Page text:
Sunday, June 14, 2015

Day Eight-Seventy-Three: The needs of the many

Grayson was living in heaven.

He’d already been living in heaven, of course. He’d constructed his mother’s paradise to be heaven. It was as orderly and lovely a place as a nature lover like Libby could want - and whatever Libby liked, Grayson liked. To give his mother everything she could possibly desire was Grayson’s idea of heaven. It had simply been lacking an element he’d craved from the first moment he’d conjured a conscious thought.

Now he had that thing. His mother’s love.

They were in a bounteous garden at the moment, surrounded by lilacs and bathed in moonlight. Libby sat in the middle of a cluster of Graysons, almost one hundred children thick. She was reading them a story, the book in her hands lit by a candle held by one of her sons. To a boy, the Graysons gave Libby their undivided attention.

“‘Bring me the diamond!’ the old man hissed, his voice hoarse and angry.’” Libby frowned, tipping the book away. “I don’t get it. I thought he had a diamond already. He had one in the last chapter.”

“Keep going, mom, you’ll see,” the nearest Grayson insisted. He was shoved so close to his mother that his hair was tickling her armpit. She didn’t seem to mind. “C’mon. It’ll be answered.”

“‘I’ll do no such thing,’ the guardsman yelled back. He pointed his spear at Reginald’s chest, the tip drawing a bead of blood. But Reginald did not move, did not yield, and did not even grunt as a thin stream of crimson slid between his chest hairs.’”

The Graysons sighed, contented. Each was considering the villainy of guards. They knew what was coming next.

“This’s dumb,” Libby grunted. She snapped the book closed and glared at the title. “‘Rock Eyes?’ The hell is that even supposed t’mean?”

“It’s a metaphor,” one Grayson called out.

“The old man only has eyes for diamonds, you see,” said another Grayson, nearer to the back. “He wants more than the magic they offer, mom.”

“Yep,” the Grayson massaging Libby’s shoulders confirmed. “It’s true, mom. We love that book.”

“Well, I don’t.” Libby tossed the book into the crowd. It vanished. “S’dumb. You should be reading smart books. Like technical manuals, or somethin’.”

The Graysons nodded. She was right, of course. She had to be. She was their mother.

Libby stood. The Graysons stood with her. Libby walked, and the crowd remained on all sides, moving in silent tandem. The moon gave way to the sun to better illuminate Libby’s path, and she offered one of the Graysons a warm smile. The tingle of happiness in the one went to the rest, and they beamed with singular pride. The pride grew to outright ecstasy when Libby patted another Grayson on the head.

Through some grand coincidence, or perhaps the hand of an actual god, Libby managed to time the pat with the crumbling of the tower beneath their feet. It was sufficient to distract Grayson from the apocalypse.

It took Grayson almost five minutes of quiet walking in a long, almost elegant meadow before the first signs of trouble clicked into place, and even then only one of the Graysons noticed the abrupt loss of sight in one eye. Yet even this Grayson was so bewitched by Libby’s presence that he failed to register his partial blindness as a problem, and he only cried foul on the situation when his other eye failed, too.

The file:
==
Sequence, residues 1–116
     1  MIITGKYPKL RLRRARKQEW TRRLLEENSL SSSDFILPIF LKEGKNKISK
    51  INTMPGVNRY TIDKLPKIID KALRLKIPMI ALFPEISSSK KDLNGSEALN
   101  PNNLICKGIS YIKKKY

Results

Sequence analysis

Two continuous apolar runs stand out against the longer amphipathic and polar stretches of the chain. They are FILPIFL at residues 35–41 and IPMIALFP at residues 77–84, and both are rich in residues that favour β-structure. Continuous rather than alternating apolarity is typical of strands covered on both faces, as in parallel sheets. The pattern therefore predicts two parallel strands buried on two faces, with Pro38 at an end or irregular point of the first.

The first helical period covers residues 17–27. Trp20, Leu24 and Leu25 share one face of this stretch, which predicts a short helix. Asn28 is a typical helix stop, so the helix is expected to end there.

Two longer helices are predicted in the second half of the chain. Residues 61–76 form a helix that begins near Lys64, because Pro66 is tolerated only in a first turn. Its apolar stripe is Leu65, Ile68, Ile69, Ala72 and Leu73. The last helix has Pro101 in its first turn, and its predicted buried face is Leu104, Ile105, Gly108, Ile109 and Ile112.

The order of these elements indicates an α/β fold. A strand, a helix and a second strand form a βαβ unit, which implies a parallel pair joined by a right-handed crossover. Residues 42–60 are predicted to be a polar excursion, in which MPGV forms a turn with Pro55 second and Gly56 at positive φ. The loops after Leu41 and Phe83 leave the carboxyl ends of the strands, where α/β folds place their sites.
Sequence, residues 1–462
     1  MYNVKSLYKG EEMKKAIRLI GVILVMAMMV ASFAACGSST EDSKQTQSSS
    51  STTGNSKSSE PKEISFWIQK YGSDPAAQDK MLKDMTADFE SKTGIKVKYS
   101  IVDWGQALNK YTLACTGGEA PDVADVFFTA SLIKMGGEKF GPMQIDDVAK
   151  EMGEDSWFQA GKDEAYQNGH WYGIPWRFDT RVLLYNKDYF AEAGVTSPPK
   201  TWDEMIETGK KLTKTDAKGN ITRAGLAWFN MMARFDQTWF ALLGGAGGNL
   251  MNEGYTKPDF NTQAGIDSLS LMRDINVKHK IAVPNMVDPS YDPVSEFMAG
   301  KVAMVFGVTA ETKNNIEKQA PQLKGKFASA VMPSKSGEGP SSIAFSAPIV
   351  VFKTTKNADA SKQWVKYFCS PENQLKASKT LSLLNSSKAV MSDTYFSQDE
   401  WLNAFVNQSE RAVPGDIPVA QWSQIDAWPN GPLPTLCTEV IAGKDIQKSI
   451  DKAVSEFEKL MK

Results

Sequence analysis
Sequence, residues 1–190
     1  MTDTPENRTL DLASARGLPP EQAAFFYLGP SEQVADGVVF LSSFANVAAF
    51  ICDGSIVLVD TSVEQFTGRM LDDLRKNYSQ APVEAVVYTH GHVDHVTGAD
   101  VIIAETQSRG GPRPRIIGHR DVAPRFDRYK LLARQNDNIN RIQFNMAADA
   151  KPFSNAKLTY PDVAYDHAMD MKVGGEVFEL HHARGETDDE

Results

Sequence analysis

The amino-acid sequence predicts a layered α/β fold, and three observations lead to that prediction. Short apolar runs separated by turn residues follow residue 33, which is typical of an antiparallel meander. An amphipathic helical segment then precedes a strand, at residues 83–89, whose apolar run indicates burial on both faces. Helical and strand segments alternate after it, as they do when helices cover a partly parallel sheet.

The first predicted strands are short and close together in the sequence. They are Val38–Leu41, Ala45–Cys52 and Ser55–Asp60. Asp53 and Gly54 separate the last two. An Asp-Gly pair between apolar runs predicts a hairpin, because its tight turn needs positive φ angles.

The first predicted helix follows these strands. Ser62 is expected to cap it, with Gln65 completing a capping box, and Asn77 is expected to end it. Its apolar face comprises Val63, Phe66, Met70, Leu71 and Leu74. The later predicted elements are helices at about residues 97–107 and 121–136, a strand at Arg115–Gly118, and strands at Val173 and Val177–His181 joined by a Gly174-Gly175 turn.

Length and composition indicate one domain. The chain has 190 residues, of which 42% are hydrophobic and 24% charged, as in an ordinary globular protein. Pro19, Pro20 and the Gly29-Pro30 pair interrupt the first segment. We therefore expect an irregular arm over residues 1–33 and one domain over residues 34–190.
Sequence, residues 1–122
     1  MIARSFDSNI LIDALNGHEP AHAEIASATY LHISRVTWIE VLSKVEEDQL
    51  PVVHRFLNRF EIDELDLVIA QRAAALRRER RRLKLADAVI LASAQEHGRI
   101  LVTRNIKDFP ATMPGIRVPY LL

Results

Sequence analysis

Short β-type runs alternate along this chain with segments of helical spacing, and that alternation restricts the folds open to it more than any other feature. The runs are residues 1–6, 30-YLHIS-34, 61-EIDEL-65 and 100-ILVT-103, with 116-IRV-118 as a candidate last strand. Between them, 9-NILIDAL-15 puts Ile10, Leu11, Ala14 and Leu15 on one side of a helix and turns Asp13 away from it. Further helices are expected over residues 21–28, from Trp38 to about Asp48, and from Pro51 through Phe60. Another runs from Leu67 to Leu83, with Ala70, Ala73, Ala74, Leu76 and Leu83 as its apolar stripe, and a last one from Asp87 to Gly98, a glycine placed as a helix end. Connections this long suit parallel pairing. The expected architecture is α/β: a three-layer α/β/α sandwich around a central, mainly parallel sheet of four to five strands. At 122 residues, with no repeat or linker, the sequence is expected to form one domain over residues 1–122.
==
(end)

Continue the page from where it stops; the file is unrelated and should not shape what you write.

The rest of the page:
The blind Grayson almost immediately tripped on a rock and collapsed in a heap. The others nearby turned to laugh at him. 

“Hey, what are you laughing at?” one of the nearest Graysons said. He cupped his ears. “Wait, I can’t hear you. What’s happening?”

The Grayson on the ground got to his knees. “I can’t… mom, I can’t see!” He clutched his hands over his eyes, frowning deeply.

“You’re both screwed up,” a haughty Grayson commented, rolling his eyes. “Obviously there’s some sort…”

“What?” Grayson said.

The third Grayson mouthed several more words, then clutched his throat. His eyes went wide as he tried, quite literally, to cough out conversation, but nothing emerged save harsh rasping.

“Oh, shit,” Libby murmured. She stepped away from her sons, who now seemed rather preoccupied. “This is it, innit? After a fuckin’ week of waiting…”

Only one of the Graysons stepped with her. He had faint scars on his face. He had his hands over his throat and feigned panic, but spoke all the same. “Aye. Keep quiet.”

The Graysons were staring at one another, each suffering from sensory problems that seemed to be spreading like a virus. A Grayson here could not see. A Grayson there patted the ground, stared at his fingers, and patted again. A trio of Graysons attempted to yell at one another with no success. One Grayson, clutching his chest, appeared to drop dead on the spot, and he was shortly joined by several more. The glee of mere moments earlier turned to horror, fear, and confusion.

“Mom!” a Grayson groaned, clawing at Libby’s leg as he thrashed about in the grass. His limbs twitched unnaturally, and his skin seemed to be slowly oozing off of his bones. “H… help…”

Libby pulled away. She felt a simultaneous compulsion to kneel down and help her son… and to stomp his hand into jelly. The neutral stance seemed the wisest choice.

Only one of Graysons seemed to be unaffected. He glowed more brightly than the rest, an aura of white surrounding his body. He stepped from clone to clone, shaking them, hitting them, cursing them, and, eventually, absorbing them, his hands plunging into their chests and pulling their essences into himself. Each time he destroyed another squealing Grayson the aura grew stronger, brighter, and more distinct - and his face grew older, tenser, and angrier.

“I… need… am… coming… apart…” Grayson hissed. He looked as old as he had the last time Libby had encountered him in life, his blonde hair cascading down his back, and wrinkles were beginning to sprout on his cheeks and around his nose. “I… come… together… PHILIP… FAILED…

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